Inhibition of Na+-K+-2Cl− cotransporter attenuates blood-brain-barrier disruption in a mouse model of traumatic brain injury

Inhibition of Na+-K+-2Cl− cotransporter attenuates blood-brain-barrier disruption in a mouse... Traumatic brain injury (TBI) can lead to long-term motor and cognitive dysfunction, which can be at least partly attributed to blood-brain barrier (BBB) disruption. The mechanisms underlying post-TBI BBB disruption, however, are poorly understood thus far. Na+-K+-2Cl- cotransporter isoform 1 (NKCC1) is a universally expressed ion transporter that maintains intracellular ion homeostasis by increasing intracellular K+ and Cl−. Having been characterized in stroke models, NKCC1 is activated in various cell types in the ischemic brain, and is thought to mediate BBB disruption, brain edema, and neuronal cell death. In this study, we tested the hypothesis that inhibition of NKCC1 may improve neurological outcomes via protecting against BBB disruption in a TBI mouse model. Adult male C57BL/6 J mice or NKCC1 deficient mice were subjected to controlled cortical impact (CCI). As an alternative to the genetic-based NKCC1 depletion, bumetanide, a selective NKCC1 inhibitor, was administrated (25 mg/kg, i.p.) 15 min after CCI and then every 6 h up to 48 h. Short-term sensorimotor function recovery was determined by rotarod, cylinder test, grid walking and foot fault test. BBB integrity was examined at 48 h post-CCI by measuring Evans blue extravasation, brain water content, and expression levels of tight junction proteins. Our results revealed that administration of bumetanide or genetic depletion of NKCC1 improved short-term neurological recovery against TBI. Bumetanide treatment markedly decreased brain water content and BBB leakage, correlated with reduction of MMP-9 expression and preventing the degradation of tight junction proteins. These findings suggest an important role of NKCC1 activation in mediating BBB disruption after TBI. Thus, NKCC1 inhibition may offer the potential for improving neurological outcomes in clinical TBI. http://www.deepdyve.com/assets/images/DeepDyve-Logo-lg.png Neurochemistry International Elsevier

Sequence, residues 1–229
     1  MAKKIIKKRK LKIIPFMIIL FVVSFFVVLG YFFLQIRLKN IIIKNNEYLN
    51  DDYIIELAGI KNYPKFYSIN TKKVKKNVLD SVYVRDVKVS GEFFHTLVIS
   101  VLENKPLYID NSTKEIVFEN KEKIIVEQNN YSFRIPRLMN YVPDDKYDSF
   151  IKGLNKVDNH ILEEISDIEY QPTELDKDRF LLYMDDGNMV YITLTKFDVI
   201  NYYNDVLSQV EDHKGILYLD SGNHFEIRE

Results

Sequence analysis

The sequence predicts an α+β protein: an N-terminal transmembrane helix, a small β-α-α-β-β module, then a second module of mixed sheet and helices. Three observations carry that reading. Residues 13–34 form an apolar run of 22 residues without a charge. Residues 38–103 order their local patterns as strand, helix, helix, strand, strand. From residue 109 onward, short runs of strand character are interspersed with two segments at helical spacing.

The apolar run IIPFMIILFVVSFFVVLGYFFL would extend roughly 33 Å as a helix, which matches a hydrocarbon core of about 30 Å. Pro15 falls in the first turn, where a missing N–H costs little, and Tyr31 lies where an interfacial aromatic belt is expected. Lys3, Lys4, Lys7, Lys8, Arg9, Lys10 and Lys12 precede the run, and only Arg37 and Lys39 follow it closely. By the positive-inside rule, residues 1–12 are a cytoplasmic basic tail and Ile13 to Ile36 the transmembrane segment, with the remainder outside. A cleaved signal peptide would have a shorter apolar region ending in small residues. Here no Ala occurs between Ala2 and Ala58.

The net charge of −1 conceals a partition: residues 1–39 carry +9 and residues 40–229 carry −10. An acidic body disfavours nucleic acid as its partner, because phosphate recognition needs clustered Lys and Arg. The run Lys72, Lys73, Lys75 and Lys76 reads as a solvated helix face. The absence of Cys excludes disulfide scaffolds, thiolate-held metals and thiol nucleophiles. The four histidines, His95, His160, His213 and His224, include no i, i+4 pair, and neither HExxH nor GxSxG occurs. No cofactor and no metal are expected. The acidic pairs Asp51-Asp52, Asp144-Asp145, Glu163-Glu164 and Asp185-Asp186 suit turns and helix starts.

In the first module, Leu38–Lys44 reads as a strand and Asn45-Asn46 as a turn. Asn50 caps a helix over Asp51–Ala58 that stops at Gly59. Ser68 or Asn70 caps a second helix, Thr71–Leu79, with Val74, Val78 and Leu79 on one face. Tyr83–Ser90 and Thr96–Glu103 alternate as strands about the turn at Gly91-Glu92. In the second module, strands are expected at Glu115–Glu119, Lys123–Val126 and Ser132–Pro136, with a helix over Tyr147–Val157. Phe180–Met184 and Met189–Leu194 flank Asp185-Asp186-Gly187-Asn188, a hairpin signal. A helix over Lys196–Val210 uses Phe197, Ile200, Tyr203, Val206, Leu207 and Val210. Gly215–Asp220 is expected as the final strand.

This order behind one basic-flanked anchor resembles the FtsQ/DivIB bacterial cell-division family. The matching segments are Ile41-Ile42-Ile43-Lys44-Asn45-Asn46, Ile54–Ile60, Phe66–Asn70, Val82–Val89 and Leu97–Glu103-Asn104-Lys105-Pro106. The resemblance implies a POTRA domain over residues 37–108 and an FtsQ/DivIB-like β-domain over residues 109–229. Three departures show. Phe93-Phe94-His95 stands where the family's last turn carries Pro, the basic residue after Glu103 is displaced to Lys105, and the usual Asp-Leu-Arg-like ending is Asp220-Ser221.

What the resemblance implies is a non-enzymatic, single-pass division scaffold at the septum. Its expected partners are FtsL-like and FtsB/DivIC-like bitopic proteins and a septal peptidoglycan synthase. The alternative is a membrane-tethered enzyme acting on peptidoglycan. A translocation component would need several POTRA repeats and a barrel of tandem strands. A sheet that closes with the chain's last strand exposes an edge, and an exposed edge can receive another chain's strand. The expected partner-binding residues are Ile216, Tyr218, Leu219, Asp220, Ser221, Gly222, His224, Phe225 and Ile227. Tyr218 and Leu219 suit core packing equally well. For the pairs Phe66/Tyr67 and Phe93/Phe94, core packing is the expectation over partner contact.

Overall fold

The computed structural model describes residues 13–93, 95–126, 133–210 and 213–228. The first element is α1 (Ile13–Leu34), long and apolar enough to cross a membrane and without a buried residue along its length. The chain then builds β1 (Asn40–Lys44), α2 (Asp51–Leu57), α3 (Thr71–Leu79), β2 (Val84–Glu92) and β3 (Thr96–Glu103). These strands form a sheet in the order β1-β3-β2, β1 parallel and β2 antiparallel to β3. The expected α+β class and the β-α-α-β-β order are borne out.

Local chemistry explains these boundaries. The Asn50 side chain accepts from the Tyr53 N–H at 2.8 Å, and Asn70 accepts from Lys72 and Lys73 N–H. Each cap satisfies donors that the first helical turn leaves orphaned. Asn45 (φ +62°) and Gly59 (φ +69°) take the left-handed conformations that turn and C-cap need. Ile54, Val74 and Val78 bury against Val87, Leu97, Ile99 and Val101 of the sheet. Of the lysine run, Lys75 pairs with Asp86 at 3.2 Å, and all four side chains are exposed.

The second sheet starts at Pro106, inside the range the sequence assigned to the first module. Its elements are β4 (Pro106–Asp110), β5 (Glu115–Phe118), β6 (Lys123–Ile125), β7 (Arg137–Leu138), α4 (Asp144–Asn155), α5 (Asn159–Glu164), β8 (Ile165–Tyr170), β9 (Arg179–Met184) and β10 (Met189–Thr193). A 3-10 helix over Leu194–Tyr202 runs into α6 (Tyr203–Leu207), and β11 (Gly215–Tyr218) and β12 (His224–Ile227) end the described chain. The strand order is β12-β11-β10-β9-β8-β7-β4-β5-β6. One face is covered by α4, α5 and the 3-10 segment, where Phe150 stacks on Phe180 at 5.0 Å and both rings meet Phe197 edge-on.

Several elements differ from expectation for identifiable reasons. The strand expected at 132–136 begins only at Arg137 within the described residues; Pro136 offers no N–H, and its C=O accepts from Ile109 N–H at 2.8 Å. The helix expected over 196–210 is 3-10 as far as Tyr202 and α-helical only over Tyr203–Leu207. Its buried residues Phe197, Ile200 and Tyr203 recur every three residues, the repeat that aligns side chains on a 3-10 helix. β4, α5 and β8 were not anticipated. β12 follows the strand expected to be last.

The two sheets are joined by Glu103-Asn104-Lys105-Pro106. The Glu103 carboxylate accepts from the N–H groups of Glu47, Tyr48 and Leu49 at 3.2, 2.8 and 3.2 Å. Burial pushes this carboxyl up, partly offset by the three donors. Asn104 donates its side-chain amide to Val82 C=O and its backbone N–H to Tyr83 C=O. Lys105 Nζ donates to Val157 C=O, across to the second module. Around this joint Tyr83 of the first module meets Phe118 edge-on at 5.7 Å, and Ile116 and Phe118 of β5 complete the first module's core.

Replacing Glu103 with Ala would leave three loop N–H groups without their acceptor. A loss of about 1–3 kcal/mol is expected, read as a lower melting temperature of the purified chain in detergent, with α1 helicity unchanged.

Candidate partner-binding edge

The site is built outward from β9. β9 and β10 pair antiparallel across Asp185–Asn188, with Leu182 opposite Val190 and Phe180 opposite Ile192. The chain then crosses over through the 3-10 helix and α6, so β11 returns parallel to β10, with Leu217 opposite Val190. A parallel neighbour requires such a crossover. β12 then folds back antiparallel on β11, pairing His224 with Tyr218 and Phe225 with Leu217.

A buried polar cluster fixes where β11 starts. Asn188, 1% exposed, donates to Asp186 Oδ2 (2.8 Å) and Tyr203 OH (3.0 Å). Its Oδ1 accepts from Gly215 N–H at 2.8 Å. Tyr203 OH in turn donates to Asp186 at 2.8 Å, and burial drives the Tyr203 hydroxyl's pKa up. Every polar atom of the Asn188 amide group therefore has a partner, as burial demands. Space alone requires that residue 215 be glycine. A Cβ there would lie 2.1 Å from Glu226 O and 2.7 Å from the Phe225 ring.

Inhibition of Na+-K+-2Cl− cotransporter attenuates blood-brain-barrier disruption in a mouse model of traumatic brain injury

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Publisher
Elsevier
Copyright
Copyright © 2017 Elsevier Ltd
ISSN
0197-0186
D.O.I.
10.1016/j.neuint.2017.05.020
Publisher site
See Article on Publisher Site

Abstract

Traumatic brain injury (TBI) can lead to long-term motor and cognitive dysfunction, which can be at least partly attributed to blood-brain barrier (BBB) disruption. The mechanisms underlying post-TBI BBB disruption, however, are poorly understood thus far. Na+-K+-2Cl- cotransporter isoform 1 (NKCC1) is a universally expressed ion transporter that maintains intracellular ion homeostasis by increasing intracellular K+ and Cl−. Having been characterized in stroke models, NKCC1 is activated in various cell types in the ischemic brain, and is thought to mediate BBB disruption, brain edema, and neuronal cell death. In this study, we tested the hypothesis that inhibition of NKCC1 may improve neurological outcomes via protecting against BBB disruption in a TBI mouse model. Adult male C57BL/6 J mice or NKCC1 deficient mice were subjected to controlled cortical impact (CCI). As an alternative to the genetic-based NKCC1 depletion, bumetanide, a selective NKCC1 inhibitor, was administrated (25 mg/kg, i.p.) 15 min after CCI and then every 6 h up to 48 h. Short-term sensorimotor function recovery was determined by rotarod, cylinder test, grid walking and foot fault test. BBB integrity was examined at 48 h post-CCI by measuring Evans blue extravasation, brain water content, and expression levels of tight junction proteins. Our results revealed that administration of bumetanide or genetic depletion of NKCC1 improved short-term neurological recovery against TBI. Bumetanide treatment markedly decreased brain water content and BBB leakage, correlated with reduction of MMP-9 expression and preventing the degradation of tight junction proteins. These findings suggest an important role of NKCC1 activation in mediating BBB disruption after TBI. Thus, NKCC1 inhibition may offer the potential for improving neurological outcomes in clinical TBI.

Journal

Neurochemistry InternationalElsevier

Published: Dec 1, 2017

References

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